Manufacturing Sector Won't Solve Jobs Crisis, Economists Say

With overall economic growth sluggish, the U.S. manufacturing sector took charge in the first quarter, growing over three times faster than the broader economy. Regardless of growth, however, don't expect manufacturing to solve the jobs crisis.

In the past week, companies across the manufacturing sector released quarterly results beating Wall Street expectations and raising their profit forecasts for the rest of the year, the Wall Street Journal reported. Included among them are Eaton, which makes electrical systems; Honeywell, which makes everything from air conditioners and wind turbines to car care products; and United Technologies, which includes brands like elevator-maker Otis and air conditioner and heater-maker Carrier.

On Thursday, General Electric, the country's largest conglomerate leapt ahead of the competition, posting an 80 percent profit increase in the first quarter of this year. Some of the profit surge can be attributed to rising profits at GE Capital, the firm's financial arm. Revenue on GE's manufacturing side was up 8 percent, the figure that is slightly inflated since the company added 6 days to the first quarter in its' fiscal calendar, Reuters reported. Without the extra six days, GE's industrial revenue would only have risen 6 percent.

Despite modest employment gains in manufacturing, the surge will not likely put a dent in the country's 8.8 percent unemployment rate, economists say. Hiring in manufacturing has risen by only 2 percent since December 2009, leaving the industry far from making up for the 17 percent employment drop during the recession.

With productivity increasing among existing workers, companies might not need to do much hiring to meet growing demand, said William Lazonick, Director at the Center for Industrial Competitiveness at the University of Massachusetts.

"This is what corporations have become good at doing: generating profits without generating a lot of labor costs," said Lazonick. "We’re still in a jobless recovery." But, instead of investing in innovation or the labor force, Lazonick continued, companies are focused on using profits to boost stock prices. He added that stock prices had become nearly the sole measure of economic performance for many companies.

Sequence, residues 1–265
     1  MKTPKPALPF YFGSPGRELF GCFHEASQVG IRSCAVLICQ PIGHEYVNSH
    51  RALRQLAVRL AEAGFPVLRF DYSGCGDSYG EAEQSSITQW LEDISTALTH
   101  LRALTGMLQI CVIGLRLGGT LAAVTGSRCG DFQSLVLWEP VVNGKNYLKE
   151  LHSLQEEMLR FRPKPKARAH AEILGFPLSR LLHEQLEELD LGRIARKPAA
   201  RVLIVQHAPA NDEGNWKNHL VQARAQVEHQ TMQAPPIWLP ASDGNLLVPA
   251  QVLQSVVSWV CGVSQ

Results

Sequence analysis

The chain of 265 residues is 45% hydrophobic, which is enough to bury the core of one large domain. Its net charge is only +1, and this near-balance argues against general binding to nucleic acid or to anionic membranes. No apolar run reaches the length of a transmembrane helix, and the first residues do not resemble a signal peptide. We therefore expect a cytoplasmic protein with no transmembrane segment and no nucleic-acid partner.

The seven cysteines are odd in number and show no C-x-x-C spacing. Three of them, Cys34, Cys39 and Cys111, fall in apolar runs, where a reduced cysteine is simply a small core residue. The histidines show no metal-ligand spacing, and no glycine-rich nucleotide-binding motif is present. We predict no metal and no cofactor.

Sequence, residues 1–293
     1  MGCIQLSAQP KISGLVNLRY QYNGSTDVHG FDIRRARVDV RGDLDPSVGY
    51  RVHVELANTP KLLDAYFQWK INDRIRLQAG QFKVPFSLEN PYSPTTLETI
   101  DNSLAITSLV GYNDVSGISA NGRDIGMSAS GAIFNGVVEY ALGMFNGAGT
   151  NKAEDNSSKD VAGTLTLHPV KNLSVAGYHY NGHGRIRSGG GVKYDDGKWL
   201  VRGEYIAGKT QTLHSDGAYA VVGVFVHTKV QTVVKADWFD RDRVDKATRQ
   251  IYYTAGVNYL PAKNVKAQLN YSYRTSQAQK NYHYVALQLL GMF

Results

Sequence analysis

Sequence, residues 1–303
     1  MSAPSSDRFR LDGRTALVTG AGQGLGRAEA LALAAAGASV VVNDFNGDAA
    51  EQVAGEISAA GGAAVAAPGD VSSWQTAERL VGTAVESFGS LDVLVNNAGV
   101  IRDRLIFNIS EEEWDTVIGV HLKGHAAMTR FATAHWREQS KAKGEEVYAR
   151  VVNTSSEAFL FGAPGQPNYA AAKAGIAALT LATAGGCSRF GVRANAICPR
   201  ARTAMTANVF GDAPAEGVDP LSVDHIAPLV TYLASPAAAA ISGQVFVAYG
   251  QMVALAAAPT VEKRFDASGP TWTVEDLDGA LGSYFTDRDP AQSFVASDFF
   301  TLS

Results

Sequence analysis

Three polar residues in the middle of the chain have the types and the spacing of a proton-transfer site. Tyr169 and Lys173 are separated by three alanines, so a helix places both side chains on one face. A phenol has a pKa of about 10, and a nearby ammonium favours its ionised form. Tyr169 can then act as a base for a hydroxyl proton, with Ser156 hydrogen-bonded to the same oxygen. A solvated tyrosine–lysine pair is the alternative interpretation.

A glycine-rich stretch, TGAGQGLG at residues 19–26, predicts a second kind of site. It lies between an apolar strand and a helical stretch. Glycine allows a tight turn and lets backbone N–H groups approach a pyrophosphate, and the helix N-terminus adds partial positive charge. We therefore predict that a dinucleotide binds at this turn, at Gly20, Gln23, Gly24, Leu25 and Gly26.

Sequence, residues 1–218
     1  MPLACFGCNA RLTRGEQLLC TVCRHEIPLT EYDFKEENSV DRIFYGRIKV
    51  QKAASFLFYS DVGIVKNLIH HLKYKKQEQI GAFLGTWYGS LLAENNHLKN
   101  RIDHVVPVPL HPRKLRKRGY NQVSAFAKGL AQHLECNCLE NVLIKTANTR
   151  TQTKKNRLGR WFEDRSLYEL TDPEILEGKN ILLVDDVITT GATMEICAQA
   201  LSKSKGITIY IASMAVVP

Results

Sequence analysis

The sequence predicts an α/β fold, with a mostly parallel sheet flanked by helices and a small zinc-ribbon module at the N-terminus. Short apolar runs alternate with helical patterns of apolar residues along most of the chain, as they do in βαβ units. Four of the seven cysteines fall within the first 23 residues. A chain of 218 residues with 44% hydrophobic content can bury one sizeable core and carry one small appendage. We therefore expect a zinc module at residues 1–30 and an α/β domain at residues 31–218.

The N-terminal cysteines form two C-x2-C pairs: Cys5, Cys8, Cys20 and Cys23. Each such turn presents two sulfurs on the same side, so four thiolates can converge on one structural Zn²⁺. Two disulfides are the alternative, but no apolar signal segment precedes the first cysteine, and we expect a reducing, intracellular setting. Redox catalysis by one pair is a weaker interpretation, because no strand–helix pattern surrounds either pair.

That, he added, is "much to the detriment of the whole U.S. economy."

The stock market rose to a three-year high on the reported manufacturing growth early Thursday. And when the Dow Jones Industrial Average rose 1.5 percent to its highest close since 2008 on Wednesday, it was manufacturing stocks like Caterpillar and Boeing that saw some of the biggest gains.

Trading dampened later on Thursday, after the Federal Reserve of Philadelphia released figures finding manufacturing in the Philadelphia region slowed sharply in April. Nonetheless, the results remain impressive, economists say, with demand coming from valuable government contracts, expanding overseas economies and American consumers purchasing big-ticket items.

"Basically, it's pent-up demand," said Daniel Meckstroth, economist at the Virginia-based Manufacturers Alliance/MAPI. "Manufacturers in general are convinced ... that it’s alright to go ahead and reopen plants and production lines," he explained. Right now, companies with lots of cash on their balance sheets are investing in new equipment, after cutting back on purchases during the downturn, said Meckstroth.

But with that demand now met, growth could soon slow down again, Meckstroth warned.

"This just can't be maintained," he said. "No one expects manufacturing to sustain the pace that it's been on for the first three months of this year."